Goodreads rating: 3 out of 5 stars
I have to agree with the publisher and others that many of these stories are exquisitely crafted. Doerr’s prose is gorgeous; his writing at its best is breathtaking, describing poignant relationships between these characters and the natural world. In my favorite stories, Doerr deals here with the almost-magical, those unexpected and inexplicable occurrences that move these stories from typical themes of human vs. nature into another realm. In my opinion, “The Hunter’s Wife”, “The Shell Collector”, “For A Long Time This Was Griselda’s Story”, and “July Fourth” make this book worth reading. I started out in love with this author’s words. I ended up liking his work well enough.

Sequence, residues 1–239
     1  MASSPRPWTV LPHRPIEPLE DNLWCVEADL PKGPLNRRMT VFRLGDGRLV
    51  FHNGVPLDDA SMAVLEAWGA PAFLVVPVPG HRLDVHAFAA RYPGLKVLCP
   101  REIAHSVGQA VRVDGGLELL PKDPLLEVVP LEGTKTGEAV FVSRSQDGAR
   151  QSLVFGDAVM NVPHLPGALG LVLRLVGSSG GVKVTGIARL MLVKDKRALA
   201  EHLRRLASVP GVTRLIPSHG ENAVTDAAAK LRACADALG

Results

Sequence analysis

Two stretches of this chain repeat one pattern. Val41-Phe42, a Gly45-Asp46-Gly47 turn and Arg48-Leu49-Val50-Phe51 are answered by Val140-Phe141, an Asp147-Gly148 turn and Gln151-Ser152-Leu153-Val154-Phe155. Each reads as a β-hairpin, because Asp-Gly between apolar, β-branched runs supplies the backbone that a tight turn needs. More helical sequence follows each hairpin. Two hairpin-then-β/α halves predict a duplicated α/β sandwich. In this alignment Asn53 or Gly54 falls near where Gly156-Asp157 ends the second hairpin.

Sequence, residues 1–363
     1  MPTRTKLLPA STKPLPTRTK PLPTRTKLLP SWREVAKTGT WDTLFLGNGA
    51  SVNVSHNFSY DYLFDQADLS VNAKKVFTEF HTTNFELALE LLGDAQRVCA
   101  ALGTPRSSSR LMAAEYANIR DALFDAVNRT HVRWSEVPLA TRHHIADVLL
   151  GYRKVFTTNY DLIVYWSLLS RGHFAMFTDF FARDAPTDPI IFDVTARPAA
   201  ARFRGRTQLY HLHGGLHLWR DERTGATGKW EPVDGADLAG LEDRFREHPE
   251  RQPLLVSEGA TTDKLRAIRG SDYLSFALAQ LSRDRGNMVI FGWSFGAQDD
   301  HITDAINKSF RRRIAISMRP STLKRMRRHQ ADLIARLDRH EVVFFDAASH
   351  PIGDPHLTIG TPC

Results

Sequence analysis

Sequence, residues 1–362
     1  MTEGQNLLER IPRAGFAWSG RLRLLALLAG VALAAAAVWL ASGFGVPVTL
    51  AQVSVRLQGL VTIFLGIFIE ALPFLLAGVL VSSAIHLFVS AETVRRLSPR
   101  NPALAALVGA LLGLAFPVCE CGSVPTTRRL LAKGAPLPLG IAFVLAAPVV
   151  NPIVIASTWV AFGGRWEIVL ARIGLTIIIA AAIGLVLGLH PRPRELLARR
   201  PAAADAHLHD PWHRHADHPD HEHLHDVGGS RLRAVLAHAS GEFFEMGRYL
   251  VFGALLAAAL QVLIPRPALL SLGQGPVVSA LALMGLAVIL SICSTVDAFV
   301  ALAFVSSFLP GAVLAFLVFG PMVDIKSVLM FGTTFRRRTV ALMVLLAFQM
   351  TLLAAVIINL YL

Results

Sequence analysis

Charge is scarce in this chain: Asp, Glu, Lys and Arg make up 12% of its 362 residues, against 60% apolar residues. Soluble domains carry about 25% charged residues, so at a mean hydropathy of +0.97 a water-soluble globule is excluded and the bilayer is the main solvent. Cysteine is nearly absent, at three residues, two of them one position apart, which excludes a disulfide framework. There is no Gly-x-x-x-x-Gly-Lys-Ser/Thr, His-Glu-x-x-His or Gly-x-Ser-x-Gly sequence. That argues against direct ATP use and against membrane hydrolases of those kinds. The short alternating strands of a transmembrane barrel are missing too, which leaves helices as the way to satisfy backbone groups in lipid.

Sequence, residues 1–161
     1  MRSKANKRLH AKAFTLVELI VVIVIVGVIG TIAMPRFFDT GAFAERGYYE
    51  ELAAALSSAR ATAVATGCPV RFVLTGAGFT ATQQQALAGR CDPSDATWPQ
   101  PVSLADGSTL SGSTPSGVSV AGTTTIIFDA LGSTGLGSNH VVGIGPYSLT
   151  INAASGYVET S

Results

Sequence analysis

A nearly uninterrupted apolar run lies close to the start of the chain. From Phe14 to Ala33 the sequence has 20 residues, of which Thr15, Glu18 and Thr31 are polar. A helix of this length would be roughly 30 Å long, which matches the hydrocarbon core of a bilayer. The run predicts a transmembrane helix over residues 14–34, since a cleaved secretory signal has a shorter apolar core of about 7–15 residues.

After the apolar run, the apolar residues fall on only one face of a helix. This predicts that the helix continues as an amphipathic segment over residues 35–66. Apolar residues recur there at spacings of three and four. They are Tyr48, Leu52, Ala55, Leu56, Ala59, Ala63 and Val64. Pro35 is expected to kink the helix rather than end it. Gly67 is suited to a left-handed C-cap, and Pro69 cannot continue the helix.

Like most short story collections, it has its ups and downs for the reader, sometimes a matter of taste. I was struck by about half of the stories in this book. A few of the others had a tendency to overdo the literariness, overdrawing connections and themes, or masking a lack of depth in character with a talent for prose. Lack of depth in character took on a more political element with the last story, which is far too ripe for an easy postcolonial feminist critique. Doerr took a white American man and a black Tanzanian woman and gave them a shameful lack of individuality, wherein Africa + woman = wild and irrational and the West + man = civilized and rational. I have respect and sympathy for writers who attempt to represent other identities and cultural encounters because it is difficult, but Doerr failed inexcusably in his responsibility to avoid harmful stereotypes. “The Caretaker” exhibits the same dangerous tendency for connecting “African” to “wild and uncivilized”; however, that character’s story is at least longer and his struggle further developed. Other female characters exhibit some agency and some individual personality, yet there is still a tendency throughout the book to equate women and nature. Read it with a grain of salt.